No Need of Fascia Closure to Reduce Trocar Site Hernia Rate in Laparoscopic Surgery: A Prospective Study of 200 Non-Obese Patients

Rikki Singal, Muzzafar Zaman, Amit Mittal, Samita Singal, Karamjot Sandhu, Anshu Mittal

Abstract


Background: Laparoscopy is widely practiced and offers realistic benefits over conventional surgery. Port closure is important after a laparoscopic procedure to prevent port site incisional hernia. Larger port size and increasing numbers of ports needed to perform more complex laparoscopic procedures are likely to increase the incidence of port site hernias (PSHs). PSHs tend to develop more frequently at umbilical and midline port sites due to the thinness of the umbilical skin and weaknesses in the linea alba. More than 90% of PSHs occur through 10 mm and large ports can occur through 5 mm ports also. The aim was to study the outcomes and complications in laparoscopic surgery without fascial sheath closure of port site. We compared the results with another group in which fascial closure was done by a standard method.

Methods: This was a prospective study carried out in the Department of Surgery, MMIMSR, Mullana, Ambala, from August 2013 to 2015 in a single unit by a single surgeon. A total of 200 patients were selected randomly for the different laparoscopic procedures. Patients were divided into group A (only skin closure was done without fascia closure) and group B (fascial closure of the port in addition to skin closure). In both groups, we used blunt trocar for the 10 mm port. Skin of the 5 mm port was closed simply. The results in two groups were compared in terms of complications like PSH, bleeding, and wound infection.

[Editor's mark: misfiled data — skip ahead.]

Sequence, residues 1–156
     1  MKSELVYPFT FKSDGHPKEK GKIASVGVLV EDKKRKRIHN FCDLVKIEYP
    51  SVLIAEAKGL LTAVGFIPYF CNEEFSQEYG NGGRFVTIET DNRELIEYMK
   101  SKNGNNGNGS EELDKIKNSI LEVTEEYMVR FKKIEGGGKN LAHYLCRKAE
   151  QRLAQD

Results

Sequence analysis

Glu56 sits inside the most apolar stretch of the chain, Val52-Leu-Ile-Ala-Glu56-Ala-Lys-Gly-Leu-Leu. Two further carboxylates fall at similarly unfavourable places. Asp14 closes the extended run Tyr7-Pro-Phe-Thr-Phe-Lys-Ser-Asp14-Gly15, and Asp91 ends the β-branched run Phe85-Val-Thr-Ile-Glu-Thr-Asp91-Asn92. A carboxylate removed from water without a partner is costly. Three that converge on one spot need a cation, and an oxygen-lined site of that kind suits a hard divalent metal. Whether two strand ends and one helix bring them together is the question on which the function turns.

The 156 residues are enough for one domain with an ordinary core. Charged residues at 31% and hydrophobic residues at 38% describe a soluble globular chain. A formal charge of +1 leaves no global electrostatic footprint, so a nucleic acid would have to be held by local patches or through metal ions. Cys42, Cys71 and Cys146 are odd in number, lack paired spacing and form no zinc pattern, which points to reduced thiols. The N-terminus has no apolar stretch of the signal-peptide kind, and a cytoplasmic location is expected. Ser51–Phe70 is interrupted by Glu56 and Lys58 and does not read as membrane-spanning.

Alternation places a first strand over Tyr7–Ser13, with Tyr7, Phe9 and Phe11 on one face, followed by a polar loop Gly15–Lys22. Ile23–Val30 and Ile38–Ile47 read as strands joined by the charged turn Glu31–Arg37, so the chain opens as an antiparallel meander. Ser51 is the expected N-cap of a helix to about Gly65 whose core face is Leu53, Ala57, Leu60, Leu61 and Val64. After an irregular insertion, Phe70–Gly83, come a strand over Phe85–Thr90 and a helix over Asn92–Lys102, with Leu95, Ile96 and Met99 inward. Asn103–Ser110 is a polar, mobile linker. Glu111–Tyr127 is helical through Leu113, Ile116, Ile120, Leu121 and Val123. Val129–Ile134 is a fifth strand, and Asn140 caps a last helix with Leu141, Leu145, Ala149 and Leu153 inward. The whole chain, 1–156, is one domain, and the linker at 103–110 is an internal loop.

Results: The outcomes in two groups were compared with and without fascia closure of 10 mm trocar port site. Patients operated for lap cholecystectomy were 170 (85%), 10 (5%) for lap appendicectomy, and 20 (10%) for lap hernia. The study compared the results in two groups mainly for PSH formation. The P value was insignificant and Fischer’s exact test result came as 1.00. There were no significant differences between the two groups in terms of PSH, bleeding and infection in non-obese cases.

Conclusion: In both groups, blunt trocar was introduced into the abdomen. We concluded that this is safe, without visceral injury, and no bleeding was seen in both the groups. We had not encountered any case with PSH formation in follow-up of 6 - 8 months. There was no infection over the port site.




Gastroenterol Res. 2016;9(4-5):70-73
doi: http://dx.doi.org/10.14740/gr715w

 


Keywords


Lap cholecystectomy; Port fascia closure; Laparoscopic visualization; Hernias

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